Edited by Ruth Towse
Chapter 49: Pricing the Arts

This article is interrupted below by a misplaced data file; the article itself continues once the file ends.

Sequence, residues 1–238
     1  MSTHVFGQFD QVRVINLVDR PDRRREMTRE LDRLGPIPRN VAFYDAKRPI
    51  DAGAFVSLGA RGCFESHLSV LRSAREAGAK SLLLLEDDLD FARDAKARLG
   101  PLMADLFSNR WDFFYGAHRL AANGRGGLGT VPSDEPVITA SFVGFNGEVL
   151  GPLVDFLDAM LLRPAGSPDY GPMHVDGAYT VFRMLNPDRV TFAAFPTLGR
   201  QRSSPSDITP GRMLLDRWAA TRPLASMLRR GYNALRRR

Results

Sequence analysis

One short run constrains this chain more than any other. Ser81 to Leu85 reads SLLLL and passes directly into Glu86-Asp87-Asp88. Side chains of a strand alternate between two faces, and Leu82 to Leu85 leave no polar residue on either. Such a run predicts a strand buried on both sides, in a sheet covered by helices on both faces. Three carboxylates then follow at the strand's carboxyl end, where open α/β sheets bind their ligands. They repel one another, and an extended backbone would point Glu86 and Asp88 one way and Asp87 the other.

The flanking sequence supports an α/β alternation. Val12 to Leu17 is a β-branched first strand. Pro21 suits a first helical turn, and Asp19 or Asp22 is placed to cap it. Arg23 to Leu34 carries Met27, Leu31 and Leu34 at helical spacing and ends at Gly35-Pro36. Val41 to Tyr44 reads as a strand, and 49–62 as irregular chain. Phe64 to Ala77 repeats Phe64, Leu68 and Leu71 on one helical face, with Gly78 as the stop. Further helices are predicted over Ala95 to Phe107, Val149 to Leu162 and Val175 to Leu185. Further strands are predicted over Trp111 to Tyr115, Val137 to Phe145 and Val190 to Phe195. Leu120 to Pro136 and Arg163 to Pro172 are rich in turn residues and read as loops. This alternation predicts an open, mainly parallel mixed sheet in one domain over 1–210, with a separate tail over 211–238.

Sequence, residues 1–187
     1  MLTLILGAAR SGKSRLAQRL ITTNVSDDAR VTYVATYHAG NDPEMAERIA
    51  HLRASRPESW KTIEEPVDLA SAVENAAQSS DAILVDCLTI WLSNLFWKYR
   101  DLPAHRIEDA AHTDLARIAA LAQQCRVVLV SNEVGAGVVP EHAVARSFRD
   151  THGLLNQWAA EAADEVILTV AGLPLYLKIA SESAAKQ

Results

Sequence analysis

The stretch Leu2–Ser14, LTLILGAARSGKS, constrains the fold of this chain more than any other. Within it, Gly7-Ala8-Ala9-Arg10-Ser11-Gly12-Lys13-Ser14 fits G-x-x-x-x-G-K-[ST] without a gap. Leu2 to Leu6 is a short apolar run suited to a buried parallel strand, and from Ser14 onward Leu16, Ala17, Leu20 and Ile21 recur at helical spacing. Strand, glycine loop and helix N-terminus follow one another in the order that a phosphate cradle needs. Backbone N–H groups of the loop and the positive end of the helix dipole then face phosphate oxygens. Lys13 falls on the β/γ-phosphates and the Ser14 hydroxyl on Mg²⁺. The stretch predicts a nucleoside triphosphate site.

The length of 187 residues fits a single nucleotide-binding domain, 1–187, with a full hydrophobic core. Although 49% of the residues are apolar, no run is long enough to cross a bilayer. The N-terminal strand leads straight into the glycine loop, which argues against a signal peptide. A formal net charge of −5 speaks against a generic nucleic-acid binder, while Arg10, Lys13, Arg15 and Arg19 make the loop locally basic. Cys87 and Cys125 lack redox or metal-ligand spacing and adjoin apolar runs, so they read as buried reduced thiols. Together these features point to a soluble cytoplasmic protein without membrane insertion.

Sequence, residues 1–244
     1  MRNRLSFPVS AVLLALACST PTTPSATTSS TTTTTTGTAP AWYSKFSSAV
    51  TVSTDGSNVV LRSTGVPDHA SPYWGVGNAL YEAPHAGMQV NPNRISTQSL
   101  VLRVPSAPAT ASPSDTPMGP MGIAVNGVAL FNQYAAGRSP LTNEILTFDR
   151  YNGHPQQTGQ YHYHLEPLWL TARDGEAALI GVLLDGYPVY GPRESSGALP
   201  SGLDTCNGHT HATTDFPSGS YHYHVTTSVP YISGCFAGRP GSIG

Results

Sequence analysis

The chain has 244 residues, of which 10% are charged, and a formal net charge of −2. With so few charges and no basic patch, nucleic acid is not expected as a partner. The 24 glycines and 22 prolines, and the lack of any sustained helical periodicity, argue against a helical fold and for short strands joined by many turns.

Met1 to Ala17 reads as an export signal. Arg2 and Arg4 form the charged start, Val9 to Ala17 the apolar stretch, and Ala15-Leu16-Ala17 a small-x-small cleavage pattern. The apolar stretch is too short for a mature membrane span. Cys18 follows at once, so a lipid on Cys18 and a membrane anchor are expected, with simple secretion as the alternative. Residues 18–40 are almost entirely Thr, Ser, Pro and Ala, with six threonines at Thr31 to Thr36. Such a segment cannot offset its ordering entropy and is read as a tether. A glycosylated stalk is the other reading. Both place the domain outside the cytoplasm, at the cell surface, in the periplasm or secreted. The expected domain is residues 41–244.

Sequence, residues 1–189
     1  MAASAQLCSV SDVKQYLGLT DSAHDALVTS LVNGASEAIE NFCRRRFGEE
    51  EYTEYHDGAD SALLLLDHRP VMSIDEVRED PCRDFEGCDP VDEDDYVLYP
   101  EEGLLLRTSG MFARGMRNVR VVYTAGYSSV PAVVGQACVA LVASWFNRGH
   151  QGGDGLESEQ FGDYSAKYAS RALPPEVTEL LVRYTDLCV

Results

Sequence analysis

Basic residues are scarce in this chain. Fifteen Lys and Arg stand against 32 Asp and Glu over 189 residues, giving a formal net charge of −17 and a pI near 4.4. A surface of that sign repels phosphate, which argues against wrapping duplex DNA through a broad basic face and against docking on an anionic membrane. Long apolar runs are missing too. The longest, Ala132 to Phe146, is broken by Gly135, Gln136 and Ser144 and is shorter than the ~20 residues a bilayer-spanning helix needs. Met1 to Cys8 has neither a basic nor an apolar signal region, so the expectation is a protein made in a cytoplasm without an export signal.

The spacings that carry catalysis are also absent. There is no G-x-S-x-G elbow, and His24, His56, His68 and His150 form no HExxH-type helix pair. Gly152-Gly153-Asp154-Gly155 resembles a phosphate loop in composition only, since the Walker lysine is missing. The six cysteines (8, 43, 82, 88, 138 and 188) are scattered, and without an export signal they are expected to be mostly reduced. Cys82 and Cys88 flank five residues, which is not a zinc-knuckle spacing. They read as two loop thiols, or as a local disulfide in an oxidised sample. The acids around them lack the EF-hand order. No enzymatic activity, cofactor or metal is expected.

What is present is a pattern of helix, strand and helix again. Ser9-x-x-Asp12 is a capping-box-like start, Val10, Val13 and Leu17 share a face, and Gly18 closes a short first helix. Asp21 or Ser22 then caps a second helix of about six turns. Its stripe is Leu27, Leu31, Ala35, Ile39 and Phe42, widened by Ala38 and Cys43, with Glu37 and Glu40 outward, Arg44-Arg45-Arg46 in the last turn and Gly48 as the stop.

Michael Rushton This survey presents general rules for arts organizations setting menus of prices for live performances, museum exhibitions, festivals and the like. The problem facing arts organizations is how to set prices to capture as much of the surplus generated by the events as possible. In practice, this means finding a way to offer lower prices to ‘marginal customers’ – those customers highly sensitive to price – while still collecting a higher price from the average customer, who has a relatively inelastic demand for the events. These practices are commonly known as ‘price discrimination’. Firms selling goods in perfectly competitive markets must take prices as given, and so price discrimination cannot be used, but such situations are rare in the arts, as each performance, exhibition or festival has some unique characteristics. Price discrimination can be achieved in two ways. One method is to charge different prices to different groups of customers, where it is easy for the arts organization to identify the group to which each customer belongs. This is known as direct price discrimination, or third-degree price discrimination. A common example is a performance or museum that gives a discount on the ticket price to students or to individuals above a certain age. This practice can be effective only where there is no arbitrage; students must not be able to purchase cheap tickets and resell them to those ineligible for the discount. Consider for example an arts organization selling tickets for general admission to an event, and that seeks to...
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